Marty Nothstein
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Olympic cycling champ loses congressional election by 759 votes

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Marty Nothstein, the last U.S. Olympic track cycling gold medalist, lost one congressional election last week and then lost another on Thursday in a rare political twist.

The Republican Nothstein, who earned sprint silver in 1996 and gold in 2000, was beaten by Democrat Susan Wild for a Pennsylvania House seat in last Tuesday’s midterms.

But Nothstein and Wild were much closer in a special election to serve out the remainder of a term under a previously drawn district — an election that came down to absentee ballots after Nothstein held a 58-vote lead last week.

Wild ended up with 130,353 votes to Nothstein’s 129,594, according to the latest unofficial results. Wild claimed victory on Thursday evening.

If Nothstein had won the special election, he would have been in line for one of the shortest political stints, serving the remainder of retired Republican Charlie Dent‘s term until the new congress is sworn in Jan. 3. Nothstein, 47, is currently chairman of the Lehigh County Board of Commissioners.

At least five Olympians have served in the House of Representatives: two-time decathlon champion Bob Mathias, four-time sprint medalist Ralph Metcalfe, 1968 1500m silver medalist Jim Ryun, 1972 basketball silver medalist Tom McMillen and judoka Ben Nighthorse Campbell.

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Alysa Liu rallies to win Junior Grand Prix with another quadruple jump

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U.S. figure skating champion Alysa Liu landed a quadruple Lutz for a second straight Junior Grand Prix, rallying from fourth after the short program to win an event in Poland on Friday.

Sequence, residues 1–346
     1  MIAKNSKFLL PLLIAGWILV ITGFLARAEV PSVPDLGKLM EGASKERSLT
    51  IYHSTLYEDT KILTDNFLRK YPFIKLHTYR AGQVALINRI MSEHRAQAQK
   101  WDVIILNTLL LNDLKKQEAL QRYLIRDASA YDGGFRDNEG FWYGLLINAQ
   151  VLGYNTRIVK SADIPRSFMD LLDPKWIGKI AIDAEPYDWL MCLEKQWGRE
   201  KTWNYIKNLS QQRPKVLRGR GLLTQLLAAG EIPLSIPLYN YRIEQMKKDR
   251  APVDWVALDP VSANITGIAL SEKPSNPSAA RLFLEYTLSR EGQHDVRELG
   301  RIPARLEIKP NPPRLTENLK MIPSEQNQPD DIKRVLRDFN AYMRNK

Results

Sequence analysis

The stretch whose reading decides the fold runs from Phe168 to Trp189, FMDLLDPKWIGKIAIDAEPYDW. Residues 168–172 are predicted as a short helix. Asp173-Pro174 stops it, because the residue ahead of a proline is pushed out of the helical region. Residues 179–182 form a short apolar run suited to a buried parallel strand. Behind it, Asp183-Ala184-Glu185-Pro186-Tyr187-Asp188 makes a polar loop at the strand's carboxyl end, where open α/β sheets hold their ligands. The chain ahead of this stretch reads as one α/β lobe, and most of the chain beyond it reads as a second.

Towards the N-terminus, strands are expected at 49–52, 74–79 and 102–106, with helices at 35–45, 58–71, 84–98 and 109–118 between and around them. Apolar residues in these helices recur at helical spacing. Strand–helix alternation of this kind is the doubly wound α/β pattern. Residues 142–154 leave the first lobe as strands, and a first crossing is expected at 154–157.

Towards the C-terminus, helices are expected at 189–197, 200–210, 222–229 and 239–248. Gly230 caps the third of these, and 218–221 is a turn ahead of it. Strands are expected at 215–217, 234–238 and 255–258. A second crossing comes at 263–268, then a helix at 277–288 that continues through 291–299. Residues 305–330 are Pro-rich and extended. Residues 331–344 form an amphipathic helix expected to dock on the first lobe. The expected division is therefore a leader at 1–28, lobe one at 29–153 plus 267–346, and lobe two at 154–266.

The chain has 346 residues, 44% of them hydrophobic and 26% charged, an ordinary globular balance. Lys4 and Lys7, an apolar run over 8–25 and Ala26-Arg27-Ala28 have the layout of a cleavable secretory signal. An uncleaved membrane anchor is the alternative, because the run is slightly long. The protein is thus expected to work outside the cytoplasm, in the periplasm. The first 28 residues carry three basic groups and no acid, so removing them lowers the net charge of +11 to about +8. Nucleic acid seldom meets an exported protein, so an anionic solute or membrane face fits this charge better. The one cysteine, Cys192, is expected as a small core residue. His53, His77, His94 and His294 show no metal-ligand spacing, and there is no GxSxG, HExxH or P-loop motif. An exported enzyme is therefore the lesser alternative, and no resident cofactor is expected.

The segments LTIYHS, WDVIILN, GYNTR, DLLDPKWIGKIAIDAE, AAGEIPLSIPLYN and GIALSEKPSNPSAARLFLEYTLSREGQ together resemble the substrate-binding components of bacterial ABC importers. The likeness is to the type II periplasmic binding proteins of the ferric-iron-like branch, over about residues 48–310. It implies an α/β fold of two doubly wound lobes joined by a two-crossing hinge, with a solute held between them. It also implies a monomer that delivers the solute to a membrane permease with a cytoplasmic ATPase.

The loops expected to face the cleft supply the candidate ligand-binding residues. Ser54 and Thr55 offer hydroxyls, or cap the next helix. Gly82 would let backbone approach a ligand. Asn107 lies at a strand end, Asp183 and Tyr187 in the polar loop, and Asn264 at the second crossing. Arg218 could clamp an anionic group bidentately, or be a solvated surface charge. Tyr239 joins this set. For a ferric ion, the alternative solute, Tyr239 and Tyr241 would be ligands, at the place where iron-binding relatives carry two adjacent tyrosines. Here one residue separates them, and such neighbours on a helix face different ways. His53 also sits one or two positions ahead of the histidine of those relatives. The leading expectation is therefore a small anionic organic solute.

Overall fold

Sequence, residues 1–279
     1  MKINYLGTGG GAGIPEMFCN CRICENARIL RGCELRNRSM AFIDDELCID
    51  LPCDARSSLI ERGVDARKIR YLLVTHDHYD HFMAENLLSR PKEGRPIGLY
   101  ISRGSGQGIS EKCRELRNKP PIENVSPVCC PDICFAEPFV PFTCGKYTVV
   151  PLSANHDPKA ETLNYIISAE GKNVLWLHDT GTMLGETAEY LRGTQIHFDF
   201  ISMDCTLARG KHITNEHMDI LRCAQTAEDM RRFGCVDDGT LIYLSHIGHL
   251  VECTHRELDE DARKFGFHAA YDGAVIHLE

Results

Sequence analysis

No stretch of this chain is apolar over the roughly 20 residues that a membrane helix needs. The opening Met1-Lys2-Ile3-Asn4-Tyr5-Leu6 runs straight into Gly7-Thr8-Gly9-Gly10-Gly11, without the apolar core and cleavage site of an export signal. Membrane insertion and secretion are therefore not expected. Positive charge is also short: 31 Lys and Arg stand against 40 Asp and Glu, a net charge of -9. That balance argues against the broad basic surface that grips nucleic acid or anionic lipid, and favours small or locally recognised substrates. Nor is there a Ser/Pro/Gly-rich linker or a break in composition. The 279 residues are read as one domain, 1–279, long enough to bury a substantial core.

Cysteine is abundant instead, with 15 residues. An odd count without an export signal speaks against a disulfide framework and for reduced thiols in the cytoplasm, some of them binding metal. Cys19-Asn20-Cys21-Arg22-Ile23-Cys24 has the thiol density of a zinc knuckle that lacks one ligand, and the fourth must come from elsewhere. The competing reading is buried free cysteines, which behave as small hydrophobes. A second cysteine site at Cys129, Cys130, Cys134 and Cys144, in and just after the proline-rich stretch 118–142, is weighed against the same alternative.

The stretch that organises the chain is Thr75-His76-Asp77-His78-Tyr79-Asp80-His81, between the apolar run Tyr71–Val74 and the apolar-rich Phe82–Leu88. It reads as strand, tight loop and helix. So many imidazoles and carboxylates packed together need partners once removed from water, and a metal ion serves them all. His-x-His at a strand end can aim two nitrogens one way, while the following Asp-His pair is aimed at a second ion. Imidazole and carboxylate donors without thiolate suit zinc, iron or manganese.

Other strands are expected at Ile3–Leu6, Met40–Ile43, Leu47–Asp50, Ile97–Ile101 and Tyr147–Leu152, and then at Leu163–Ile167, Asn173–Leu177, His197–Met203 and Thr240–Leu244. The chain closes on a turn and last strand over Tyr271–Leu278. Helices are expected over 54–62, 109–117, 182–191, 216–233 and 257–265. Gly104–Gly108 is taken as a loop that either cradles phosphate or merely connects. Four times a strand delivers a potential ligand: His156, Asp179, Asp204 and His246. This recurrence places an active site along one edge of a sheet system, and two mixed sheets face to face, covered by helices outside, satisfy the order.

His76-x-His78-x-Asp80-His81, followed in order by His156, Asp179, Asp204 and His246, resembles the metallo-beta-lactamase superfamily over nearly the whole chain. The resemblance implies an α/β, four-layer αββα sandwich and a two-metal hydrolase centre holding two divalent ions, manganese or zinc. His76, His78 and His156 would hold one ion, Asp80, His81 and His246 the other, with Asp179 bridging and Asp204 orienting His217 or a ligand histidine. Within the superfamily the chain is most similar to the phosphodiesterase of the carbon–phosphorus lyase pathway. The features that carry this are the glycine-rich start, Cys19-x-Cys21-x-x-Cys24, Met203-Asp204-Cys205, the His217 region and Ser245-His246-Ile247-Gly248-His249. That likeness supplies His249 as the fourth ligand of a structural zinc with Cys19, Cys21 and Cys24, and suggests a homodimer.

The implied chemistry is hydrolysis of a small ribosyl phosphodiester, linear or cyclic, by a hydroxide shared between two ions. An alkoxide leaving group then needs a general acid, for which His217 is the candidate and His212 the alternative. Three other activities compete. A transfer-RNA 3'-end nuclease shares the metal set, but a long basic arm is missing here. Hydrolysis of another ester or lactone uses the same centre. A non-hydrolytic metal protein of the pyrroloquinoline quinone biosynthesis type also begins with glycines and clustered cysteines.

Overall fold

Liu, who in January became the youngest U.S. champion in history at age 13, won both of her starts in her first season on the Junior Grand Prix to become the first U.S. woman to qualify for the six-skater Junior Grand Prix Final since 2013 (Polina Edmunds and Karen Chen). The Final is held with the senior Grand Prix Final in Turin, Italy, in December.

She won Friday by 6.63 points by surpassing a pair of Russians, a rarity in this era. Her free skate is here.

Liu trailed by 4.03 points after doubling a planned triple loop in the short program. She was the lone skater in the field to attempt a triple Axel (landing three of them, including two in combination and one with a negative grade of execution) or a quad.

Liu tallied 138.99 points in the free skate and 203.10 overall. She ranks sixth in the world this season by best total scores among junior and senior skaters, though some top skaters have yet to compete.

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Rafaela Silva, first Brazilian gold medalist at Rio Olympics, claims innocence after positive drug test

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Rafaela Silva, the judoka who grew up in Rio’s most famously violent favela to become Brazil’s first gold medalist at the Rio Olympics, reportedly tested positive for a banned substance last month.

Silva tested positive for fenoterol, a substance that can be legal to treat asthma if an athlete has a therapeutic use exemption (TUE). Silva did not have a TUE before testing positive at the Pan American Games in August, according to Brazilian media.

A possible punishment has not been announced.

Silva claimed innocence at a news conference Friday afternoon, saying that a young child with whom she had bodily contact at her training location used the substance, and she plans to compete at a domestic event this weekend, according to O Globo.

Silva, 27, backed up her Rio Olympic 57kg title by taking bronze at the world championships later in August. If she is punished for the positive test, Silva could lose that bronze medal, though she said Friday that she had a clean drug test at worlds, according to O Globo.

Silva, from Rio’s Ciadade de Deus favela, has the Olympic rings tattooed on her right bicep with the inscription “God knows how much I’ve suffered and what I’ve done to get here.”

Brazil’s top female swimmer, Etiene Medeiros, reportedly tested positive for fenoterol in May 2016 but was cleared to compete at the Rio Olympics.

In PyeongChang, Slovenian hockey player Ziga Jeglic tested positive for fenoterol and was scratched before his nation’s last game before it was announced. Jeglic was suspended from the Games and, later, was suspended eight months.

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